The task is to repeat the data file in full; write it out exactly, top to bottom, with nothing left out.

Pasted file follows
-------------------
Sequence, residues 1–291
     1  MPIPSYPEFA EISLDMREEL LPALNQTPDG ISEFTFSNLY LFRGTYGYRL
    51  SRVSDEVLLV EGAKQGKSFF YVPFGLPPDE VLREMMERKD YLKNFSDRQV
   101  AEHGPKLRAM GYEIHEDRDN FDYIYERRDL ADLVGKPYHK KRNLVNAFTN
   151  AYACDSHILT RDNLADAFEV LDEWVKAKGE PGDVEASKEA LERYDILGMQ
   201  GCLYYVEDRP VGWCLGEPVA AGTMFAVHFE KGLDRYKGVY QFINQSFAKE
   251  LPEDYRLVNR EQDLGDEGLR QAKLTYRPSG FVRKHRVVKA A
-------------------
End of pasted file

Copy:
Sequence, residues 1–291
     1  MPIPSYPEFA EISLDMREEL LPALNQTPDG ISEFTFSNLY LFRGTYGYRL
    51  SRVSDEVLLV EGAKQGKSFF YVPFGLPPDE VLREMMERKD YLKNFSDRQV
   101  AEHGPKLRAM GYEIHEDRDN FDYIYERRDL ADLVGKPYHK KRNLVNAFTN
   151  AYACDSHILT RDNLADAFEV LDEWVKAKGE PGDVEASKEA LERYDILGMQ
   201  GCLYYVEDRP VGWCLGEPVA AGTMFAVHFE KGLDRYKGVY QFINQSFAKE
   251  LPEDYRLVNR EQDLGDEGLR QAKLTYRPSG FVRKHRVVKA A